The night is clear, and from our balcony we can see the changing colours of the CN tower and the vast Toronto cityscape. The day has finally ended. Joyous, stressful, exuberant, hushed; it has been the longest day of my life. And also the greatest. My bride sits next to me, beautiful and quiet as we process what has happened. What it all means.
"Do you want to open the cards?" I ask.
She nods and then laughs, and it reaches a place in me that resonates deeper than any other. One by one, we open the gift cards, taking turns to carefully read each card. Each sentiment. Halfway through however, I can not continue, as the tears slowly began to slip down my face.
"Can we stop for a minute?" I ask her. She looks over at me, and noticing the tears, walks over and hugs my neck. I can smell the lotion on her skin, and I am, as always, struck by how easily she fits into my arms. She slips into my lap and together we look out at the city. The gifts are extraordinary, and I am not sure what to do with them. So many people have sacrificed to make our day special, many of whom have reached well beyond their means to let us know how much we are loved. The effect is both surreal and humbling. A while later we finish opening the cards, and even back inside, I remain close to tears. I cannot shake this idea that something has happened. Something more than marriage. Or that many people might not understand the significance of this day and what their gifts and love have meant.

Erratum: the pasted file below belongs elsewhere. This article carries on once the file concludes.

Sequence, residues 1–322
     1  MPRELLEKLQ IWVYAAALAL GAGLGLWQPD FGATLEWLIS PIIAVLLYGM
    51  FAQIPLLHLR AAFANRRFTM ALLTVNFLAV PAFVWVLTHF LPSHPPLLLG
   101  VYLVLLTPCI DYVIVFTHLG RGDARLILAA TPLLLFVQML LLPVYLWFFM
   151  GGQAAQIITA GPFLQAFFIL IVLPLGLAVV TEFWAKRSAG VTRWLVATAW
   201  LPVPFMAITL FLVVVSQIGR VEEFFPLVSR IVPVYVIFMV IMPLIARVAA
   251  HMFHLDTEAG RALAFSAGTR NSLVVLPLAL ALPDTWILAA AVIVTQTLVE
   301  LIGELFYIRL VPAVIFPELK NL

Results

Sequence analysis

We all have dreams of the ideal relationship when we're young. Even boys, although it is often less articulated than that of young girls. When I was a kid, I remember thinking about marriage, but it was an abstract idea. As in, of course I am going to get married and be happy. Those were the stories I read about in my books, and it seemed like a simple thing. Just love each other and everything will be okay. Until the time of my break up with my first girlfriend, I always assumed the one I was with would be "the One". A romantic and silly notion for a 23-year-old perhaps, but idealism has always been something of a trap for me. Married at 25, divorced a few short years later, the idea of a "perfect" marriage had long since faded, to the point where I was certain it could never happen. I was too difficult to live with, too picky, too cynical, too finite about my views of God and just a bit too… strange. Who could possibly fill all those requirements? Who would be willing to see past my scars and hurts and accept me for who I was?